Saturday, 27 November 2010

School Festival 2010

The second of the two days of fun (and no work!) at my school was the School Festival. This was even more exciting than the sports day which had been day one of my school's extravaganza. It was a day of singing, dancing, silly games and even a Chinese acrobatic show that showcased the talents of our school's students and some of the teachers too. The festival opened with a performance of traditional Korean samul nori drumming by some of the students followed by the usual round of speeches by the Principal and other school worthies.

Students giving a samul nori performance at the opening of the school festival.

The school principal addresses the crowd.

With the opening niceties dispensed with, we moved onto the first entertainment of the day - the O and X game. This was basically an elimination game that was played outside on the school playing field and involved the competing students being asked true or false questions. They had to decide if they thought it was true (O) or false (X) and move to the appropriate side of the field for their answer. The last person left after the various rounds won some kind of prize. I actually had a part in this competition as on e of the rounds was a special English quiz. I has to get up on stage and ask them 3 true or false questions though I don't think they were hard enough as everyone went the right way for all 3! Oh well, never mind, perhaps being a quizmaster isn't my calling in life after all.

My 5 mins of infamy. I was actually quite nervous, worried perhaps that they wouldn't understand a word I said and I would look like a total fool.

Students playing the O and X game on the dirt playing field in front of the school. Teachers held up ropes after a set amount of time and if you were in the wrong box you were out.

These were the prizes on offer to the winners of the pop song contest and the other competitive events at the festival.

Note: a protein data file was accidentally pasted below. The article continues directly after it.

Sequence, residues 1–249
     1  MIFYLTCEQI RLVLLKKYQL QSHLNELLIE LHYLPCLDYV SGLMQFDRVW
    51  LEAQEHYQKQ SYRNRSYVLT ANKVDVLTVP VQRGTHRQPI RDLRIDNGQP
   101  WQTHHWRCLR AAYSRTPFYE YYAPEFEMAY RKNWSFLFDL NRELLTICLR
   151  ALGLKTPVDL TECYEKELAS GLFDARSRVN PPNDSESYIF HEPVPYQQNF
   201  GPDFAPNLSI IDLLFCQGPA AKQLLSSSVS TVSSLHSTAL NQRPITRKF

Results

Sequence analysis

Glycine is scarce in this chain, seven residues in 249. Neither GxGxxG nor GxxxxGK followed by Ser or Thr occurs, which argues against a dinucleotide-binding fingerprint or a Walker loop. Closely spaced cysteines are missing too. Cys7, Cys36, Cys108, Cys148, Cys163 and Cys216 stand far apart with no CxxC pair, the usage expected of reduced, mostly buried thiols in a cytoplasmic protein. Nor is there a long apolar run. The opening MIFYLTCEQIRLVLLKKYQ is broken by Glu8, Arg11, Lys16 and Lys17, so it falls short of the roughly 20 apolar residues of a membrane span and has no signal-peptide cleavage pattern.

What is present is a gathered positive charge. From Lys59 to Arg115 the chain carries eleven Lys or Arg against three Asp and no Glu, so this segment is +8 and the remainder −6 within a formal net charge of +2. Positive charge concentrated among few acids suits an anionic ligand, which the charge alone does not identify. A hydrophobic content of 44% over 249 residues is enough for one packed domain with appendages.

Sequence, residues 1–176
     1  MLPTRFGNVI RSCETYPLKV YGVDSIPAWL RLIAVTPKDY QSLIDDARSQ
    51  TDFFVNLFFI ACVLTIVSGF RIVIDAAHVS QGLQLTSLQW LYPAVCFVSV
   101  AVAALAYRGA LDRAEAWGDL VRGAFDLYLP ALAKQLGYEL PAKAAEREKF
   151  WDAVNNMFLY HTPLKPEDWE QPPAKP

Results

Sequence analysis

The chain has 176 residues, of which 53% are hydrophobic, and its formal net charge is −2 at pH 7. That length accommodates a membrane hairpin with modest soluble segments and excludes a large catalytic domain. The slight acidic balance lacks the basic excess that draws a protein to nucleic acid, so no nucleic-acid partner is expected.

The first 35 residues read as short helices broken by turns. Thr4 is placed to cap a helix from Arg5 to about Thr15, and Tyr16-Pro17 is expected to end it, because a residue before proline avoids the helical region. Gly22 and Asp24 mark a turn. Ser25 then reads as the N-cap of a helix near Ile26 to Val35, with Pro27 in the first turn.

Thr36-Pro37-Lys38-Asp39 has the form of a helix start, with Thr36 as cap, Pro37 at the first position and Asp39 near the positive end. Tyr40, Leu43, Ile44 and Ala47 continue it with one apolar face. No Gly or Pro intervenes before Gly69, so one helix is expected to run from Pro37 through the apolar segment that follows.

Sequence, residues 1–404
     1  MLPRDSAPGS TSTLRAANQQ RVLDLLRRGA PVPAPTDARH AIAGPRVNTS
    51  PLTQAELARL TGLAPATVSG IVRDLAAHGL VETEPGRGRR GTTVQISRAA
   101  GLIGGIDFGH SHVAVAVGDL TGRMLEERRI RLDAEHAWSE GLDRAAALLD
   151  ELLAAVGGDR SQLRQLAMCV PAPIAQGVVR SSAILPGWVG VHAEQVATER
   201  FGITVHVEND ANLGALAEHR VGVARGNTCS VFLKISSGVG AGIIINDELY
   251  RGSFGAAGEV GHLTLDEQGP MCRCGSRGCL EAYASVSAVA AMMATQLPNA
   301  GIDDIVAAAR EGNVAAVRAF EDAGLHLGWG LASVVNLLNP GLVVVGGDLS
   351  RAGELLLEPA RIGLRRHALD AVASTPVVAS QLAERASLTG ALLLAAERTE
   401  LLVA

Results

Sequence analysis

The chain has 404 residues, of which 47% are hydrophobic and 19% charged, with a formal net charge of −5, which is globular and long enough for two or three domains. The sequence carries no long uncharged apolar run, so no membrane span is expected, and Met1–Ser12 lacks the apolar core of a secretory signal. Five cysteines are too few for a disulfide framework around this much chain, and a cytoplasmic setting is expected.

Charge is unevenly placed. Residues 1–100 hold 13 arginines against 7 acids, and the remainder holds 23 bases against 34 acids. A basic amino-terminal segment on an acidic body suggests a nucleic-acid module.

After I had done my 5 mins of work for the day I went for a wander around the school playing field to have a look at the stalls that had been set up all round the edges. Some stalls were being run by parents but most were run by students. A few of them were selling food and drinks whilst the majority were game stalls reminiscent of the kind of thing you might see at a village fête but with a distinctly Korean twist. You were supposed to buy tokens to play the games but I didn't realise and didn't have any money on me. Luckily, the novelty of having a Foreign English teacher play your games seemed to be enough for me to get quite a few freebies!

This was a hot food stall run by parents. It was selling curled fish paste on sticks (not my favourite!), Korean "pizza" (pancakes) and tteokbokki (spicy rice cake stew). They gave me some for free which was great as I was freezing and it was tasty and hot!

A student run food stall selling weird but strangely delicious rectangular shaped hot dog sausages.

These girls had made a lucky wheel game for their stall and they let me have a free go. I won a pair of small pink socks which was cool!

One stall I visited was selling anything - they just wanted you to try their "special" biscuits. The biscuits had wasabi as well as custard cream in the middle and were pretty damn hot but as I love wasabi I happily munched my way through a couple, all the while exclaiming about how delicious they were much to the disbelief of the students!

A student run face painting stall. Their face painting skills were a little hit and miss but that just added to the fun.